I think the environmentalists may have a point.
In the course of my travels in the last few weeks, to South Central and Southeast Missouri, looking for acreage to purchase, I was exposed to some of the most gorgeous scenery I'd ever taken the time to notice. I slowed down, smelled the flowers, walked around in the woods, saw some deer, and returned to my roots a bit. I'm not a city boy, I guess.
During my visits to the great outdoors, I was rather moved just standing on a hillside in the middle of a forest, listening to ... nothing. The
silence was almost painful, and left my ears ringing. It's amazing just how used to noise one can become. Being able to listen to one's heart beat, hear every tree frog and every cricket in the area, be surprised by a squirrel running up a tree, and smell the rich scent of decaying leaves and moss is an experience to treasure. I think I've grown a little deeper recently, and have my roots a little more firmly planted in reality.
Nature is a wonder to behold, and being out in it is inspirational, both spiritually and mentally, as it gives a man some time to sit and think undisturbed. But, where is it all going?
Subdividing The Land, or The Double-Time March of "Progress".
I spent the early part of my youth in what was essentially farmland. My cousins and I swam in a creek there, ran around in the fields, popped tar
bubbles on the road between my grandmother's house and the creek with our toes, and generally had a good time as children. I wouldn't change that part of my childhood.
I said that that area was farmland. Driving through there a few weeks ago, in search of a place outside the confines of the city, I happened to see a sign advertising acreage for sale by owner. So, I stopped and talked to the man. I was utterly aghast at the price of acreage in the area, and asked him what made the land so expensive.
"Subdivisions comin' in. I can't stand 'em, so I'm sellin' off and gettin' out while the gettin's good. I'd be surrounded in a couple years, so it ain't worth it to try to fight it. The punk kids in the one down the road already ruined my fish-pond. They beat a trail back to it and fished out all my catfish. I had catfish in that pond weighed ten pounds, and now they're all gone. I moved out here in '85 to get away from all that."
Acreage in that valley now goes for $14,000 per acre, and the price is only going up. Why, I wondered, do people have the urge to move out of the city, only to build new neighborhoods where once there were trees? They bring their problems with them, and just end up miserable, but in a new and fantastically expensive house. They escape the city, and build entirely new cities. They don't escape to a simpler way of life, with trees and nature around them. They still live in a world of cars and noise and traffic and crime. There are no creeks, no fields, no quiet places, no places where there isn't too much light at night to simply look up and see the stars.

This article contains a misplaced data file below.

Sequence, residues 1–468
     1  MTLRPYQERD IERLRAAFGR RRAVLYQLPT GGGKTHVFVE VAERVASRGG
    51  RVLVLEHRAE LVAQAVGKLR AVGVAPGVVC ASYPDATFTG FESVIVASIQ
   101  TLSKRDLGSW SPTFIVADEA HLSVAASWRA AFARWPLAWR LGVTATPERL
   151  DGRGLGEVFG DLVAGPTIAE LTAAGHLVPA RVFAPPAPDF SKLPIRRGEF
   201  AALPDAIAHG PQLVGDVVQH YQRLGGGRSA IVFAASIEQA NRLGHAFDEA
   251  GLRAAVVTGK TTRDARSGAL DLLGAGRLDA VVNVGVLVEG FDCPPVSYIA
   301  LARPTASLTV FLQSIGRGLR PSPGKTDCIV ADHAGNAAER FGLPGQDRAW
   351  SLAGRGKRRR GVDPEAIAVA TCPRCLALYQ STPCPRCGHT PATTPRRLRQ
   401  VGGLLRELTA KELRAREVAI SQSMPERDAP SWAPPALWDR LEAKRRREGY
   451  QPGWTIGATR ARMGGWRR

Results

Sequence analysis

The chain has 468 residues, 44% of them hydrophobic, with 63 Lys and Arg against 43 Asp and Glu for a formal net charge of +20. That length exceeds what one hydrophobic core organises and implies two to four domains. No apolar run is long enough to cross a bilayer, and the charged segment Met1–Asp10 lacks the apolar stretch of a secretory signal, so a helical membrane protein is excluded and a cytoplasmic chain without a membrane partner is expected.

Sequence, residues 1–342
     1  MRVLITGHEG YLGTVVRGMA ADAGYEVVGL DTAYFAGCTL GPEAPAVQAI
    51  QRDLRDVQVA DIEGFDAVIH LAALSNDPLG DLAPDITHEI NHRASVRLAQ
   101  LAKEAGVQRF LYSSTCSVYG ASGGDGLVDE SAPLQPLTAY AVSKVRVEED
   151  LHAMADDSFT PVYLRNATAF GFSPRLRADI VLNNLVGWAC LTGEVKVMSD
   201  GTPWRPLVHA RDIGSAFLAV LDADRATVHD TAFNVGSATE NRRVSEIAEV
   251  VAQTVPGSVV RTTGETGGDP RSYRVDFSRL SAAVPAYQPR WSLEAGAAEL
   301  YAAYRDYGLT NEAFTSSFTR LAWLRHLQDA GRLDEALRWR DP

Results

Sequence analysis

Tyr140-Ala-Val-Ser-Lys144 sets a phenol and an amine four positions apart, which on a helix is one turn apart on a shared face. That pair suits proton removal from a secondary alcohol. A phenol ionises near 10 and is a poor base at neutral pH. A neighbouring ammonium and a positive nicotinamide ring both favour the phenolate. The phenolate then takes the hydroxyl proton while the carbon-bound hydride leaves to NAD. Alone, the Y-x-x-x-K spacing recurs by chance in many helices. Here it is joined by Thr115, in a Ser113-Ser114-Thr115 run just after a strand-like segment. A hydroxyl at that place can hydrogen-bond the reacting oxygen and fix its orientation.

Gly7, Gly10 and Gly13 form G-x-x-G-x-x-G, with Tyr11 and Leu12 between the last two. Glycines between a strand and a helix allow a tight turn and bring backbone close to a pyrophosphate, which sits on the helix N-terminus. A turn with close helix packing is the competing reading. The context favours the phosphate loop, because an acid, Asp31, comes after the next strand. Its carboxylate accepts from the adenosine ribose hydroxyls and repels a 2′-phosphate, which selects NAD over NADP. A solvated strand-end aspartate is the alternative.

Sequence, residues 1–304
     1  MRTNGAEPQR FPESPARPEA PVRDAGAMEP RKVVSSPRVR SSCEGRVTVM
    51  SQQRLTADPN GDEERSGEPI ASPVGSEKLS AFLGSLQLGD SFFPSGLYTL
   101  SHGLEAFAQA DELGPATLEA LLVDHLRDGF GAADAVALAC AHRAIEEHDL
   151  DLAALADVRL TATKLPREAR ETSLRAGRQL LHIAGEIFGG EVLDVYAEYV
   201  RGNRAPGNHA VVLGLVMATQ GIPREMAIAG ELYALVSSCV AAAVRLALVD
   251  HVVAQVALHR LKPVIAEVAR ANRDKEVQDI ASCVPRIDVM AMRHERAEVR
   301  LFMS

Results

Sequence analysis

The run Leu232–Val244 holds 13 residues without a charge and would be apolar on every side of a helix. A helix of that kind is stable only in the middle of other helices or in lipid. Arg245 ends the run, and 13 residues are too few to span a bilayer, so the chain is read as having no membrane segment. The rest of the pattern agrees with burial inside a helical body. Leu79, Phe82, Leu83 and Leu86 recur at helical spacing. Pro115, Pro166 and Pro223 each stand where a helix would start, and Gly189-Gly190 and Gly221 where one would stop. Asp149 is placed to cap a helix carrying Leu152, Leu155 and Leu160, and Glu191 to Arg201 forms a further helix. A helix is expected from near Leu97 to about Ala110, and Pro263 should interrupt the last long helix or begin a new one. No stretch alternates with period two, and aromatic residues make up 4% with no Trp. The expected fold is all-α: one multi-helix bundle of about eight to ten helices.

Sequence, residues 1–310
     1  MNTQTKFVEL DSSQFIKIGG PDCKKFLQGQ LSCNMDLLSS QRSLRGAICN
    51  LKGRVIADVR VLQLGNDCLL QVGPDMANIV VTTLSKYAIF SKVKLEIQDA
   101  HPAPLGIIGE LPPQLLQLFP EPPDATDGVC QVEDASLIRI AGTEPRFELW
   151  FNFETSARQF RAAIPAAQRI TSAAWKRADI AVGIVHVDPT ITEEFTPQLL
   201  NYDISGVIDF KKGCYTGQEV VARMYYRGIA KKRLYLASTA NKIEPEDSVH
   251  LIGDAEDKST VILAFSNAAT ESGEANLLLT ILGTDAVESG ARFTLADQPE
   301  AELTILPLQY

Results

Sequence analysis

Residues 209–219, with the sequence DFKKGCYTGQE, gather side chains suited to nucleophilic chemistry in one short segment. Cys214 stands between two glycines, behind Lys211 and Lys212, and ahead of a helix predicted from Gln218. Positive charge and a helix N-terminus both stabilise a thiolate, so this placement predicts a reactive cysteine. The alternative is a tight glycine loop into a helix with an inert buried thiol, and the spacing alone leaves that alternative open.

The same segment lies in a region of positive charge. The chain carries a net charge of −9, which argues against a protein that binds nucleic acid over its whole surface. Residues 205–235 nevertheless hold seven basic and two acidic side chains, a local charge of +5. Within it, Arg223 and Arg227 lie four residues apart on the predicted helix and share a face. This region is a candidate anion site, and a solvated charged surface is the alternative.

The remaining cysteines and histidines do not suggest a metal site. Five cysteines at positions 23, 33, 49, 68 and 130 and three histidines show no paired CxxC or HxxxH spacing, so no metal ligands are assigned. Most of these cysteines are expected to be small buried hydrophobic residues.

Granted, the crime and such isn't nearly as bad as the city, but that may well be a topic for another discussion.
The march seems to take increasingly large steps, too. Where twenty years ago an hour commute was unthinkable, it is commonplace now, and nobody seems to gripe. I know the population hasn't increased that drastically. So, what gives?
If a tree fell in the woods...
Looking to escape to a place where I don't have to lock my doors at night, and can safely leave my keys in my truck overnight as it sits in my driveway, I began looking at substantial acreage half a state away from the city where I live. Driving around on curvy country roads gave me a smile, as this is just what I remembered as a kid. Also, my friend trhurler is always rambling on and on incessantly about wanting a car that handles like a Ferrari, but for the price of a Yugo, so I thought about him as I whipped my four-wheel-drive 3/4 ton pickup truck around a tight turn at 70 miles per hour.
On Saturday, I looked at a 200 acre tract, which had a bunch more acreage surrounding which belongs to the same person, which will be for sale when she is finished timbering. This land looks to have been clearcut in the last sixty
years or so, as hardly any trees are more than about eighteen inches in diameter. This land owner is timbering very responsibly. Nothing under about fourteen inches is being cut, and even that only very sparingly. She is leaving the best trees to continue to grow. Truly a first class harvesting operation. Very commendable. This is the first class of land management I want to point out. A private land owner who is responsible, taking only what
she thinks is right to take, leaving the best (and, indeed, the vast majority,) to grow. I think I will contact her today if for no other reason than to thank her for doing things the way she is doing them. This land is going for $500 per acre, and is well worth every red cent. It is gorgeous.
In another instance, a couple weeks ago, I had called a number in a local ad paper about a huge tract of land for sale. I got directions, and obtained permission to have a look around. All lights were green, so I set out for the hills.
Upon finding the acreage I had agreed to look at, I dropped the truck into low range, and began exploring. The land had been recently timbered, so there were log roads that led to most of it. Up and down, over hills and through valleys, bumping around over ruts, gunning the engine through mud puddles a hundred feet long and spraying muddy water from Hell to breakfast, I proceeded. Old country music blaring, a high school buddy by my side, and a twelve pack - a truly caucasian experience.